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The Macallan Ruby (Single Malt Whisky)

Review: The Macallan Ruby (Single Malt Whisky)   91.5/100
Review by Chip Dykstra (Aka Arctic Wolf)
Posted January 18, 2014

The Macallan Distillers Ltd is a single malt Scotch whisky producer (distillery) which is situated near Easter Elchies House, at Craigellachie, in the Speyside region of Scotland. The brand and distillery are owned by the Edrington Group which purchased them from Highland Distillers in 1999.

Recently the brand launched a new line of Single Malt Whisky which they call, The Macallan 1824 Series. Each whisky in the 1824 Series is 100 % Sherry Cask whisky, and each whisky within the range draws its name from the colour of the whisky inside the bottle as the series moves up the ladder from Gold to Amber, Sienna, and finally to Ruby in that order. These whiskies carry no age statement. Instead, the consumer is asked to draw a parallel between the colour of the whisky in the bottle and its age, complexity, and quality. Because these whiskies are naturally coloured by the casks from which they are drawn, the implication is that the richer darker whiskies have aged longer, and/or have had more of their blend drawn from the higher quality Sherry oak casks.

The subject of this review is The Macallan Ruby (Single Malt Whisky), which is currently the darkest production whisky in the series. The Ruby is bottled at 43 % alcohol by volume, and all of this whisky was matured exclusively in European oak sherry casks (the labeling on the bottle tells me these sherry casks are all from Jerez, Spain). According to Canadian Brand Ambassador, Dan Volway, the 1824 Series does not (at this time anyway) signal the end of age statements on The Macallan Single Malt Whiskies. The Fine Oak Cask and Sherry Oak Cask Single Malt series will each continue to carry age statements in the selected markets where they remain available (the USA and certain overseas markets).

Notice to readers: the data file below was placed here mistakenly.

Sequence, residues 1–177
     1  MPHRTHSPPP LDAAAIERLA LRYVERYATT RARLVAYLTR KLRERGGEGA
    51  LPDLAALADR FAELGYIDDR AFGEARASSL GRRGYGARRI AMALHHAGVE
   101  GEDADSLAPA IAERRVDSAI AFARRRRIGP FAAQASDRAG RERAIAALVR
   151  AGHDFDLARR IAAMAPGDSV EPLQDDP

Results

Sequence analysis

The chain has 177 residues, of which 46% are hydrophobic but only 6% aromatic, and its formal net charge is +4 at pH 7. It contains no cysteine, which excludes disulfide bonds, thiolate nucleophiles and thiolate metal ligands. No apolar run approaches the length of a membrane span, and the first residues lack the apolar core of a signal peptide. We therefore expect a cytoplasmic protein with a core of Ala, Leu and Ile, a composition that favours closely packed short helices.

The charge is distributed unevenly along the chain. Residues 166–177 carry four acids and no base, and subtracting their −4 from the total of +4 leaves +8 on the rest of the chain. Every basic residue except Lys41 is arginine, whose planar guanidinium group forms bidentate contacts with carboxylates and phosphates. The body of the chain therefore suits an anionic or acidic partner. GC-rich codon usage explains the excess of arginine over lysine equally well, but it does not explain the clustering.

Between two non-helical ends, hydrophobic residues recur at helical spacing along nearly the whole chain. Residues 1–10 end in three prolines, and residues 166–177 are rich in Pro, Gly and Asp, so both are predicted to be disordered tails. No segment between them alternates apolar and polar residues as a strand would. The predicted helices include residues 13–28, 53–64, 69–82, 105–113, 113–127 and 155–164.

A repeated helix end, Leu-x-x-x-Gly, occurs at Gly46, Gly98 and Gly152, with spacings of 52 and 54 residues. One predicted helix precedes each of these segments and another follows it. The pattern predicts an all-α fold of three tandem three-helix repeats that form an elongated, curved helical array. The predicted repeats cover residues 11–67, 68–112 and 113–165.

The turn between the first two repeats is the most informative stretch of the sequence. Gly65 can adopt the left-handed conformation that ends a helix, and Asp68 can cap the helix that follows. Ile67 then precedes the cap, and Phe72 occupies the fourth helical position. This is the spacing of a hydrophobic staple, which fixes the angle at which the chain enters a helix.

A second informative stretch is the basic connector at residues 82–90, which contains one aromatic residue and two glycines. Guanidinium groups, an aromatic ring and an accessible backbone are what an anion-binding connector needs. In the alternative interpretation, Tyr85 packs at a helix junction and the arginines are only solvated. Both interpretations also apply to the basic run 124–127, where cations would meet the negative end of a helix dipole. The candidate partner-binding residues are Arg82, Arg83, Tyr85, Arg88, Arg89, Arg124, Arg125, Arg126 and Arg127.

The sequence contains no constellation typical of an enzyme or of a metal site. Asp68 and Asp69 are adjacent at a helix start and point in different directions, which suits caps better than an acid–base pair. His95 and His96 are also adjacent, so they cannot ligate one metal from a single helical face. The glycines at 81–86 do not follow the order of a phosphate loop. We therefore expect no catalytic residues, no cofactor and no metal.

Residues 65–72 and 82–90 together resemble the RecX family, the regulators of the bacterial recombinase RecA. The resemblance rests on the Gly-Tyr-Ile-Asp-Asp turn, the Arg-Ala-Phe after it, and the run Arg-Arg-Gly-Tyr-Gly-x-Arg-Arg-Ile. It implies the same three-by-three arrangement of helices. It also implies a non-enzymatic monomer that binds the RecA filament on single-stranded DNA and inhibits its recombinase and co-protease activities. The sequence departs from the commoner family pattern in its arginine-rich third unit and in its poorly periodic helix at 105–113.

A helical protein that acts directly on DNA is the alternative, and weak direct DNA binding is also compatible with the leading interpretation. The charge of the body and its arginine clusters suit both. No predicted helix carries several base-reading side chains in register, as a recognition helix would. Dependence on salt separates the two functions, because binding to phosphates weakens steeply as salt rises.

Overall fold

Note: I received the sample for this review from the Beam Global Team here in Alberta. Beam Global is currently responsible for the distribution and marketing of The Macallan (and other Edrington Group spirits) in Western Canada.

Macallan 1824 RubyIn the Bottle: 4.5/5

The entire 1824 Series shares a similar presentation style. The whisky is housed in a rather large white/beige box with the name of the whisky reflected by the colour of the metallic stripe at the bottom of the box, the colour of the piping around the top label, and the colour of the slender stripe across the top pf the box. For the Ruby Single Malt Whisky, a metallic coloured foil is also employed on the 1824 crest at the top of the box, and colours the image of Easter Elchies House at the bottom of the box. When the box is opened the ruby colour is extended to the inner liner, and the bottle is set into the box in such a manner it looks like a trophy on display as well as a whisky bottle. Of course the ruby and beige colour scheme is extended onto the bottle itself as well as shown by the photo to the left.